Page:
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To create a successful business, you have to focus on what you can control.

In the eCommerce world, you’ll have a combination of thigs you can control, things that are handled by your eCommerce platform or third party software, and things that are simply out of your control.

Here we analyse the items you can easily control to boost your shop’s performance online.

1. A good mobile first user experience

Mobiles account for approx 50-65% of all site visits (depending on industry) and although you might think that a good experience starts with your eCommerce platform choice, there is a LOT you can do to ensure your customers are happy.

When uploading images to your store (banners, product images, anything) make sure you have cropped and flattened them to the right size and dimensions first.

Not only is pre-editing good for your brand, it’s important to ensure a fast loading website with low layout shift. This in turn boosts your chances of a good SEO standing with Google.

People also scan and scroll swiftly on mobile devices so you have to make your content easily digestible. Although you love describing your business to everyone you meet, you have to prioritise the content better on a mobile device.

Short, sharp messages (e.g. 5 words), followed by a natural sounding sub heading message (a short sentence e.g. 10 words) followed by the full information.

See the image below:

 

category descriptions

This may seem obvious, but it’s a feature that so many brands and online sellers still forget.

  • Note the 2 words titles – short and sharp and easy to digest.
  • Note the follow up sentence – gives a simple, effective reason to learn more.
  • The user now feels convinced and comfortable about clicking the link where they can read more information. 

 

Approaching your content like this is great for your mobile users who are scanning and scrolling for easy to digest messages and clickthrough.

 

 

2. Visible endorsements and social proof

Content is king for gaining traffic via Google and Bing – as it explains to the search engine what you do.

However, once you have the user on site, it is important that you prove to THEM you know what you are talking about. Reading all your great content is certainly one way they will learn, but seeing snapshots of other happy customers makes the process quicker and easier.

Adding reviews and ratings offer a quick visual confirmation that you are good at what you do. Sure, some people will read those reviews on details before a purchase, but many will simply glance and keep scrolling.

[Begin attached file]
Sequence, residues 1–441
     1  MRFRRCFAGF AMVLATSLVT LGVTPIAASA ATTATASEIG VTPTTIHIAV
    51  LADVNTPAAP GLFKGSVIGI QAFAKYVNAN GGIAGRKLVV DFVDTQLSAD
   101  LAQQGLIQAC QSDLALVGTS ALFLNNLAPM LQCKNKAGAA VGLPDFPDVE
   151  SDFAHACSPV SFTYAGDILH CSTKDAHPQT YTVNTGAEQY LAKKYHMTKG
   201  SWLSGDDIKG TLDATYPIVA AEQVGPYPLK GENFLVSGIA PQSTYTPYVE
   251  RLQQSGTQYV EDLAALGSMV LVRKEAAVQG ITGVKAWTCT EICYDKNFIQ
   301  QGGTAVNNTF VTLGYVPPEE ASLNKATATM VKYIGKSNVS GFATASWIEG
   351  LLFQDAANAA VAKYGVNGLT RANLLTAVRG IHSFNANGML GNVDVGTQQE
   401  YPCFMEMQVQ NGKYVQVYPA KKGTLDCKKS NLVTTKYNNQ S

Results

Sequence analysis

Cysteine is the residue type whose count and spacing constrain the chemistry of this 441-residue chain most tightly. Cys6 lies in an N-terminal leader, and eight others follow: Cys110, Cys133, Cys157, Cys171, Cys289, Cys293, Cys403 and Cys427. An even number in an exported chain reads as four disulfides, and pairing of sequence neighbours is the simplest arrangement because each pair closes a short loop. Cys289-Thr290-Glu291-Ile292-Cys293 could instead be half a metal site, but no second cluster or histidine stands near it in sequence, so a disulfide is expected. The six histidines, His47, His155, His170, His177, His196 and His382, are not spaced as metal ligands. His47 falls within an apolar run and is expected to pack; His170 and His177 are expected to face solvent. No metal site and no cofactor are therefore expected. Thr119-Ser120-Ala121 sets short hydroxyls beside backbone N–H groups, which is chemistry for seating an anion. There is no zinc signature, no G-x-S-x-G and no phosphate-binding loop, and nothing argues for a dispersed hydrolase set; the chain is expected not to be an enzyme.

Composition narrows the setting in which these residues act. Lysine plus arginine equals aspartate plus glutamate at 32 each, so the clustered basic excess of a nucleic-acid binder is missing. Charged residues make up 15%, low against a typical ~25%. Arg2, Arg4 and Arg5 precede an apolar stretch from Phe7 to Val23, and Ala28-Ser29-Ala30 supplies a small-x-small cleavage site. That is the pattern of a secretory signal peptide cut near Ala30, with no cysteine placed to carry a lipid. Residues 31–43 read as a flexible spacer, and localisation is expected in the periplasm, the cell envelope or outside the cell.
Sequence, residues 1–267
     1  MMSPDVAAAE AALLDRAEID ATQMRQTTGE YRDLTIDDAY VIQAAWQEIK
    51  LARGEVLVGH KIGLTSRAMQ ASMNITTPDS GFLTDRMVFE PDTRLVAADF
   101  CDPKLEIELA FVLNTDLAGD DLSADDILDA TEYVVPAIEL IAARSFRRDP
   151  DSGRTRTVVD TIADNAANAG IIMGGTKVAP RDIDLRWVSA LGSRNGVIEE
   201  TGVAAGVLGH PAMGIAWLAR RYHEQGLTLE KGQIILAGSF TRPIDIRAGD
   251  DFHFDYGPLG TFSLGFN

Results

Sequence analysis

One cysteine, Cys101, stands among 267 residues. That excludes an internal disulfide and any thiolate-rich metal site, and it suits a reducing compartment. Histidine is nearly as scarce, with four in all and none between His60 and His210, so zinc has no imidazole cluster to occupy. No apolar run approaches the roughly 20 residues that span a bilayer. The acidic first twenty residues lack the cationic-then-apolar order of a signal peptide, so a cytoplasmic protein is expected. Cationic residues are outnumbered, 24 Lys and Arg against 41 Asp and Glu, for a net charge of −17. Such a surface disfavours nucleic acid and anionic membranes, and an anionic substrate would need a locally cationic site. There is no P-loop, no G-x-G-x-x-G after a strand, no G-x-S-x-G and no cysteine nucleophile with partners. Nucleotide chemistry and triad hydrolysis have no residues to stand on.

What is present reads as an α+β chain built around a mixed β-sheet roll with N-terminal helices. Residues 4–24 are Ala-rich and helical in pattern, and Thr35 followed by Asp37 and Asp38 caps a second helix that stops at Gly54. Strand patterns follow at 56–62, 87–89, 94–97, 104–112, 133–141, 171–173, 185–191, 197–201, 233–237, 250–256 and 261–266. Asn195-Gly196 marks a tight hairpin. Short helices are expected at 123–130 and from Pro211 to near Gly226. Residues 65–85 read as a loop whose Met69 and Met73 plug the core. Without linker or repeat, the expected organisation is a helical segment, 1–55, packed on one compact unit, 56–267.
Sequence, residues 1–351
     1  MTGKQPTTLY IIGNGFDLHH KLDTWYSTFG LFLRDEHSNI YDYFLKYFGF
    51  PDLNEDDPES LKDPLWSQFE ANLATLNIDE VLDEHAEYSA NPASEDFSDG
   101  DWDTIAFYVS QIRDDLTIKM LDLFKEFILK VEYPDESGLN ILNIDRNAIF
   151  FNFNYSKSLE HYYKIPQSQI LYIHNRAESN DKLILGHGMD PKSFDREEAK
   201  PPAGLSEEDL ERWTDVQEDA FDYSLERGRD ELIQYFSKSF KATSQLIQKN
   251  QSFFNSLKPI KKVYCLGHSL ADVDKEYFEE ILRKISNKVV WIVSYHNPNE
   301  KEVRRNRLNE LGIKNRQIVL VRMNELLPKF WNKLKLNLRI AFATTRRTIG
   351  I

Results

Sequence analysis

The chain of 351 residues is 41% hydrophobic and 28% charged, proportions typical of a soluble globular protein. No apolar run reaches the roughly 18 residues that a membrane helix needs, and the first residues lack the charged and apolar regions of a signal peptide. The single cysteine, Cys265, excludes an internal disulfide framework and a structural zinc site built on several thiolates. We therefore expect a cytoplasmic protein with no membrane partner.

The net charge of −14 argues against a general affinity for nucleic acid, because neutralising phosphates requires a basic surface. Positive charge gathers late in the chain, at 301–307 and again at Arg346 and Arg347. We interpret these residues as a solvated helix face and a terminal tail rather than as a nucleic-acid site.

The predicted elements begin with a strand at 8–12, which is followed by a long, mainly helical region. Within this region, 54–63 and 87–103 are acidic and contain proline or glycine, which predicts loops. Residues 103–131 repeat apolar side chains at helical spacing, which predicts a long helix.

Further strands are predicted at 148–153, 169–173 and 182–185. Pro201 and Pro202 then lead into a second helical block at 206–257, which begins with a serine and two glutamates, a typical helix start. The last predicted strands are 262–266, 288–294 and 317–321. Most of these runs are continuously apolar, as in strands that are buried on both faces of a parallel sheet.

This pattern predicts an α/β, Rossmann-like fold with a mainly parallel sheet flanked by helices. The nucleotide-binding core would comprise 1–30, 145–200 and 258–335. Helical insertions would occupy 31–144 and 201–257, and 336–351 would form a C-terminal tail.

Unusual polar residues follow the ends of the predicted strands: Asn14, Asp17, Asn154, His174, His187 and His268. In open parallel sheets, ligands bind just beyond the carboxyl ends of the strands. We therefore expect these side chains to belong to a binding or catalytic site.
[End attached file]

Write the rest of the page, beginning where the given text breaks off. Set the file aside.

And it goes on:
Sure – people are more apathetic to all these incredible five star reviews now – but it’s an important tickbox nonetheless.

And don’t forget your external reviews as well – Google Business profile, Facebook and any blog backlinks you can gain. They all help build trust.

 

ecommerce site reviews
ecommerce product reviews

3. A variety of navigation options

The majority of online sellers will upload their products, and place them in 10 categories and be finished. But users need more guidance and persuasion to find your products.

If your customers can be reasonably expected to Shop by Brand, then create an additional category menu for that. If your products can be shopped by Colour, then you could make that an obvious navigation option as well.

Another great option is filters.

When a customer arrives at your category page (often directly after a search or link) – you can help them get immediately to what they want through product filters (or layered navigation as it’s sometimes called). Letting them filter by price bracket, by size, by colour or brand – or any other attribute – is going to make their lives easier.

If the customer experience is good, then sales will follow.

“Amazing things happen when you listen to the consumer.”

Jonathan Mildenhall, Airbnb

Jonathan Mildenhall Airbnb

Further reading: How do shipping options impact your sales?

Having a well-executed shipping plan is key to success in eCommerce. When it’s put to the test during busy periods like holidays, unfulfilled orders, expensive costs, and wrong items shipped bring it right to the forefront of your customer experience.

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Adam Pritchard
Adam Pritchard

As the Founder of Shopit, Adam drives the overall vision and responsibility for the company. He maintains contact and links with many clients in order to understand how best to evolve the Shopit platform